however, they still talk of kite surfing being the newest adrenaline sport taking America by storm. Europeans have already been hit hard by the kitesurfing bug. Some say it is the newest water sport of the millenium…

I know, I know – it’s not THAT new. However, it has taken a while to grow in popularity.

“LET’S GO FLY A KITE….” – remember that song? how long is it since you watched Mary Poppins, or did you ever watch Mary Poppins? not that it matters much, it’s just that kites have grown up a bit since those halycon days…

Although it is still mid-winter here, and probably frozen and bitterly cold in Canada – I decided to choose that country, and its wide choice of kitesurfing, kite skiing, kite snowboarding and kite mountainboarding, as my topic on this bright, sunny and crisply cold morning…

Canada has two coasts – the Pacific and the Atlantic, the Great Lakes, and  hundreds of  small lakes which makes Canada the perfect year-round kitesurf playground – despite their extremely cold winters. Remember, if you don’t fancy braving the freezing waters, all  you need do is swap your kiteboard for a snowboard or skies – or even blades to make the most of the frozen lakes and huge areas covered in deep winter snow.

Of course, the fact that canadiantourism dropped a broad hint that I should go and have a look at the following video of kitesurfing in New Brunswick, had something to do with this article too!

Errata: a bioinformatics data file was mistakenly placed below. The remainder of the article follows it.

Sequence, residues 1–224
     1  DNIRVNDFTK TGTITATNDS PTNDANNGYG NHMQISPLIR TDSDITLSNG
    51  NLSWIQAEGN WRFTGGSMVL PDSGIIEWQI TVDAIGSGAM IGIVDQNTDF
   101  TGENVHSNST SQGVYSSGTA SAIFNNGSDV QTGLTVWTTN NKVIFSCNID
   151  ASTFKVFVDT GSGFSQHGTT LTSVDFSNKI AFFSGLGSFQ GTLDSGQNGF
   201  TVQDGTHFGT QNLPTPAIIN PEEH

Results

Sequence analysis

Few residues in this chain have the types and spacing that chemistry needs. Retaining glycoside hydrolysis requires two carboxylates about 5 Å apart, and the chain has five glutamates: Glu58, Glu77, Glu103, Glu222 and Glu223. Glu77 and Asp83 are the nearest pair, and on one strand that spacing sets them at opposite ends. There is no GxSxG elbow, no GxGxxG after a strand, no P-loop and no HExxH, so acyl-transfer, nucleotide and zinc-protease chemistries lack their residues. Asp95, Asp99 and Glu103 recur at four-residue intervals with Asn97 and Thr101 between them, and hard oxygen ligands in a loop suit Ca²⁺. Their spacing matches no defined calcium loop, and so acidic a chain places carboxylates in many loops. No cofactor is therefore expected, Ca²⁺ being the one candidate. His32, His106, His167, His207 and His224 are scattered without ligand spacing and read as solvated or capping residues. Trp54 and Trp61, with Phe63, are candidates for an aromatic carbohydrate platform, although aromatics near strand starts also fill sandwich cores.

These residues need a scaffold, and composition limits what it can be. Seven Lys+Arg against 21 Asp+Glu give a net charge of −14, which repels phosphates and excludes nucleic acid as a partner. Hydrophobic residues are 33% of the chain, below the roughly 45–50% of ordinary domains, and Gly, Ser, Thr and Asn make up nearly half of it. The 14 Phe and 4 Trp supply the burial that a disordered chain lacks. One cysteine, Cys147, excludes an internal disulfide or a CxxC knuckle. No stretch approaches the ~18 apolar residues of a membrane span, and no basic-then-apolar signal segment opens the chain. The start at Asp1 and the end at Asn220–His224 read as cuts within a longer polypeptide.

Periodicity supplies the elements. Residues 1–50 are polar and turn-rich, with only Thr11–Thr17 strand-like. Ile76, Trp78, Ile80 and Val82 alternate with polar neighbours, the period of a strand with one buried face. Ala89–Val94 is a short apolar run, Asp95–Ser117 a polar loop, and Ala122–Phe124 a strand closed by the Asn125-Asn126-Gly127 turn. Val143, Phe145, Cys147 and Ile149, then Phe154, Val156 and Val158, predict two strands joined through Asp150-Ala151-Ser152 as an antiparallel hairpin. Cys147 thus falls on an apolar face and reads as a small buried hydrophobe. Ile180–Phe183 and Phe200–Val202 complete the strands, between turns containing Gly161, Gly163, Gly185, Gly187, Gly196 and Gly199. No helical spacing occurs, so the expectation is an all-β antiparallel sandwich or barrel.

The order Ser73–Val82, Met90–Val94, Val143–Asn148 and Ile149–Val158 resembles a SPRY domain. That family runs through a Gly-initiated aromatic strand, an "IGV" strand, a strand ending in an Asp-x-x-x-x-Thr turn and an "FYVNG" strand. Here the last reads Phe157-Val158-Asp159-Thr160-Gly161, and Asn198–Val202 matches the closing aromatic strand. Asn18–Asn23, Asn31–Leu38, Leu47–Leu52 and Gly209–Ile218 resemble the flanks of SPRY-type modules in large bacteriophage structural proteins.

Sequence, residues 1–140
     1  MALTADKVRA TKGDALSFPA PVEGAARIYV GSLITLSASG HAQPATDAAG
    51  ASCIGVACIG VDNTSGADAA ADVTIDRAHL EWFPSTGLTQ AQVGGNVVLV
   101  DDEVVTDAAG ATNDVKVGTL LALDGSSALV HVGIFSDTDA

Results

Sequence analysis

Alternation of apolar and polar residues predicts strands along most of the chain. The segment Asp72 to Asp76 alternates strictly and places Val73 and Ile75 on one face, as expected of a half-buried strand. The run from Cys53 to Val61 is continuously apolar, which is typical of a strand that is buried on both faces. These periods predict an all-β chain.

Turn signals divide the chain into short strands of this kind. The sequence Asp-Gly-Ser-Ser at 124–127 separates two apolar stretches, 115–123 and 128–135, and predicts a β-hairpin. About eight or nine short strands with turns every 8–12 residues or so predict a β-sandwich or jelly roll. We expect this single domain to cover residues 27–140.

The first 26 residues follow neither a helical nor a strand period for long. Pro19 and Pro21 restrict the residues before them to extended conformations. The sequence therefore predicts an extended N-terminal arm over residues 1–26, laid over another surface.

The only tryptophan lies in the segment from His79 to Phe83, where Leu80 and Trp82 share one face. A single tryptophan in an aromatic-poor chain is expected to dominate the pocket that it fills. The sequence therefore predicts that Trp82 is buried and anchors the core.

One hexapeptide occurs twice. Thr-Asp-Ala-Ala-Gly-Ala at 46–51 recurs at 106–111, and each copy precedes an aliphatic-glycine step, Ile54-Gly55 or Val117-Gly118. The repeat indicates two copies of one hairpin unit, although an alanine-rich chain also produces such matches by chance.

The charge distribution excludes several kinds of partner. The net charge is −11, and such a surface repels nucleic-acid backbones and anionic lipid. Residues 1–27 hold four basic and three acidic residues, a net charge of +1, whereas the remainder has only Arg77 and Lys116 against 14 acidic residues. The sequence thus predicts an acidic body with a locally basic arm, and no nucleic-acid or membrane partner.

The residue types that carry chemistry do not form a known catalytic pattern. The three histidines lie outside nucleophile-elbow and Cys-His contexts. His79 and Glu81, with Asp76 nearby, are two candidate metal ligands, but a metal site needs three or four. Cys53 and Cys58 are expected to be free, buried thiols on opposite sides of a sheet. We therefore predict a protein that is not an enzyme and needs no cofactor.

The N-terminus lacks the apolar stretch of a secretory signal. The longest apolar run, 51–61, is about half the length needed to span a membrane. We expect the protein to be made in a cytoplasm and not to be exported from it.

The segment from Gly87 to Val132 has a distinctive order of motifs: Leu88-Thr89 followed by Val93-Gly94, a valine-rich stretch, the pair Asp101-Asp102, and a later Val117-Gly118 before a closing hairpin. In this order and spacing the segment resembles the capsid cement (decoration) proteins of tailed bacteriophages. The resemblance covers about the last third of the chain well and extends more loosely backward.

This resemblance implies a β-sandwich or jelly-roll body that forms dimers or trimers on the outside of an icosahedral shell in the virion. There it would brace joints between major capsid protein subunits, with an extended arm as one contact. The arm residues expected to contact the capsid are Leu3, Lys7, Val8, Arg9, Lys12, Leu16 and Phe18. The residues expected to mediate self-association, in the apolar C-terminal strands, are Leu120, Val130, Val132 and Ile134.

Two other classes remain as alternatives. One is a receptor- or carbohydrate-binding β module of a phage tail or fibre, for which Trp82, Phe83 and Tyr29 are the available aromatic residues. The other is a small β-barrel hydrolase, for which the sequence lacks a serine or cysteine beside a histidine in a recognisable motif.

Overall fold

Shippagan, on the mainland, and Lameque, an island just off the coast in northern New Brunswick is said to be one of the best kitesurfing locations in Canada. The regular wind, the deep-water lagoon, and the warm water of the Baie des Chaleurs give perfect condtions for learners and keen participators of this sport.

From New Brunswick to Newfoundland … why not?  Would you ever have thought of kitesufing in such cold spots? But you can, and you can also discover the freedom of kite-skiing or kite-snowboarding in total synergy with the wind. Deer Lake, however, is a 50km stretch of water that separates the Upper and Lower sections of the Humber River. It offers some great recreational potential and is often used by canoeists, kayakers, boaters, windsurfers and kiters – beware of errant golf balls from the nearby resort though!

Slowly making our way west, we come to Brittania Bay near Ottowa where you can rely on experiencing this region’s strongest winds. They are generally north-west and this allows for some excellent kiting and surfing. In fact, they have perfect conditions for kite boarders and windsurfers who launch from a special 2nd beach at the end of a long rock pier. The waters are quite shallow on either side of the pier, allowing beginners to wade in shallow water.

We shall now take a rather large step across the interior of Canada and come to another halt in the Rocky Mountains – Canmore, Alberta to be exact. this is the home of kiteboarding, kitesurfing, snow kiteboarding, kite skiing and mountainboarding in the Canadian Rocky Mountains. They look at the combination of the above sports as a ‘lifestyle’ and are keen that others view them in the same favourable way.